A Madison County jury awarded CSX Transportation a verdict Thursday evening in a Federal Employer's Liability Act (FELA) trial involving a former track supervisor.
Neither plaintiff Russell "Dewey" Aper nor defense counsel Richard Nash had comment following the verdict that came at about 4:25 p.m. after less than two hours of deliberations.
Aper, a track inspector, had sued CSX for allegedly failing to provide him with a safe work place.
The alleged failure, the plaintiff claims, led Aper to injure his back in October 2006.
CSX counters that Aper failed to take the proper care or call for help when he moved track parts that allegedly caused the injury.
According to statements made at the trial's opening and in video deposition testimony from economist Leroy Grossman, the plaintiff sought damages topping $500,000, including fringe benefits and lost wages.
The trial opened Tuesday with a day of jury selection.
Wednesday saw Aper's testimony and deposition testimony.
The start of the trial's second day of testimony was delayed until 10 a.m. as attorneys worked out jury instructions with Circuit Judge Dennis Ruth.
Aper's former supervisor, Chad Broski of Elk Park, Minn., took the stand to open the defense case.
Broski testified about CSX's emphasis on safety.
"That safety culture was the utmost from the first thing when you got in in the morning," Broski said. "The most important thing was for the employees to go home safely. We were a family."
Broski said that the railroad had daily and monthly safety meetings and that employees were free to call for help or to stop work they did not believe they could safely do.
He said Aper knew the proper lifting techniques and that he was also aware he could call for help if needed.
Broski said he was not aware of Broski's more than 15-year history of back problems until a September 2006 incident when Aper injured his back and had to go for medical treatment.
Broski said that Aper returned to work saying he was fine and that he had the proper clearance from his doctor.
Aper reinjured his back under a month after the September incident.
Broski said he had told Aper upon his return to work after the first injury that he needed to use proper lifting techniques or machine aids if necessary.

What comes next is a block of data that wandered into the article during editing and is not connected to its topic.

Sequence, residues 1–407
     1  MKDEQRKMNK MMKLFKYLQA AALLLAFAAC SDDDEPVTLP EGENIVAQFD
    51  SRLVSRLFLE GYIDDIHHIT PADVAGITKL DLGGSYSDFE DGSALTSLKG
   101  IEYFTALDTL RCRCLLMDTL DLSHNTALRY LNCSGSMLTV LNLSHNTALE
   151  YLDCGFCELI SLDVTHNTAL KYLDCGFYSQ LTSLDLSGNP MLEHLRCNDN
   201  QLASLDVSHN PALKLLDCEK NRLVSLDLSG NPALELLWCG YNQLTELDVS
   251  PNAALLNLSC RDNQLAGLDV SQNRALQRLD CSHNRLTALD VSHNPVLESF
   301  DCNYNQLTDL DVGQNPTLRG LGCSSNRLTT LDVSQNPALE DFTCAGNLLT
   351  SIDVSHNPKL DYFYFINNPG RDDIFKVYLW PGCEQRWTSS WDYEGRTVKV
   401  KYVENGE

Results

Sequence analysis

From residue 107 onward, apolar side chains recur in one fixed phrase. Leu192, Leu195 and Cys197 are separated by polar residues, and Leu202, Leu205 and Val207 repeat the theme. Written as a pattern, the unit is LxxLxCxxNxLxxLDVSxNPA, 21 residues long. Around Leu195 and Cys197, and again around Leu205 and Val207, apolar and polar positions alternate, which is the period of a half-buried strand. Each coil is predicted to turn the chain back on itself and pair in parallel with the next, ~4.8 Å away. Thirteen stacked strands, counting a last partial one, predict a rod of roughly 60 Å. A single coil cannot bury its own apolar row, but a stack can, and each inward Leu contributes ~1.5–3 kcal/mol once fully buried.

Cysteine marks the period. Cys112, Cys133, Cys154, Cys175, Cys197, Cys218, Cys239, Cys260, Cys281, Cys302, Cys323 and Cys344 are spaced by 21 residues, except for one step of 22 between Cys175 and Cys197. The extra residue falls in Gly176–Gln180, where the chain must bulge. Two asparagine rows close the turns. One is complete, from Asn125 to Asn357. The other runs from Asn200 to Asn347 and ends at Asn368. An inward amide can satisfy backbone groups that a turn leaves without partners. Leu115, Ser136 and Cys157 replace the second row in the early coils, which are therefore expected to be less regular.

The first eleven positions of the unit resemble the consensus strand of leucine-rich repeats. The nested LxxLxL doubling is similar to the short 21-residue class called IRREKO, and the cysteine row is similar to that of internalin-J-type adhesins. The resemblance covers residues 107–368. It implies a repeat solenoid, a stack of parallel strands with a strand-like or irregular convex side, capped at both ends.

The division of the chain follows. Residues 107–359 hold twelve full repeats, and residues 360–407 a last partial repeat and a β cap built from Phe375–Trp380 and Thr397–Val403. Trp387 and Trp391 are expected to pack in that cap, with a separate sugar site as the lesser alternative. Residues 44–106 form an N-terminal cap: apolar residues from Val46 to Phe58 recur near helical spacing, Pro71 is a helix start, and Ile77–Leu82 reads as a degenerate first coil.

"That we couldn't afford for himself to get injured," Broski said.
In her closing argument, plaintiff's attorney Amy Collignon Gunn stressed that CSX did not ask for a capacity evaluation after Aper's September accident, telling jurors it was proof the company did not ask the questions needed to ensure her client's safety.
"They don't question whether their employee can do the work," Gunn said. "You walk in with a slip and you're good to go."
Gunn took issue with Broski's surprise at Aper's history of back issues, using his own words of "stunned" as further evidence the company did not consider Aper's health.
"Do you get to stick your head in the sand?" Gunn asked. "Do you get to be 'stunned' when it's your duty under the law to assign employees work they are suited for?"
The plaintiff's attorney stressed that her client's injury had occurred at work and that CSX stipulated to that fact Oct. 13.
"He wasn't off playing hooky somewhere and he got hurt and now he's trying to blame it on the railroad," Gunn said. "It's not a culture in the railroad where you cannot do your job. The culture is to go do your job and that's what Dewey Aper was doing."
Defense counsel Nash told jurors his client didn't see it quite that way.
"Needless to say, we have an incredible and total disagreement about what the evidence showed," Nash said.
Nash told jurors his client had provided what the law required, "a reasonably safe work place."
"Not an absolutely safe place to work where no one gets hurt," Nash explained.
Nash pointed to Broski's testimony as evidence that the company had been concerned about Aper's condition and that he would have been provided any help he asked for.
Nash highlighted CSX's policy of allowing employees to use their own doctors to evaluate injuries, telling jurors that no worker would favor being forced to use a company doctor in that situation.
But by going to his own doctor, Aper allowed the company to go by that physician's word.
"We have a right to rely on what you're telling us," Nash said. "And we have a right to rely on what your doctor is telling us. What they are saying is that we should have taken his job away from him, one way or the other."
Nash pointed to Aper's own testimony that he had felt well enough to return to work after the September injury.
"At every turn, where he had an opportunity to stop the process from the time he returned to work he should have said something," Nash argued. "If he had complained at any time there would have been help on the way. Mr. Aper didn't give them that chance."
In her response, Gunn reiterated that CSX turned a blind eye to her client's needs.
"They stuck their head in the sand and the law does not allow them to do that," Gunn said. "Mr. Nash is trying to convince you that it's Dewey Aper's fault and the law does not allow that. This company continues to benefit from the backs of its workers including Dewey Aper."
Jury deliberations began at 3 p.m. after instructions from Ruth.
Ruth entered judgment in the case immediately following the 4:20 p.m. verdict.
Gunn indicated in a question to Ruth following the judgment's entry that she plans to possible file a motion for judgment notwithstanding the verdict.
Gunn and Ann Brockland represent Aper.
Nash represents CSX.
The case is Madison case number 07-L-562.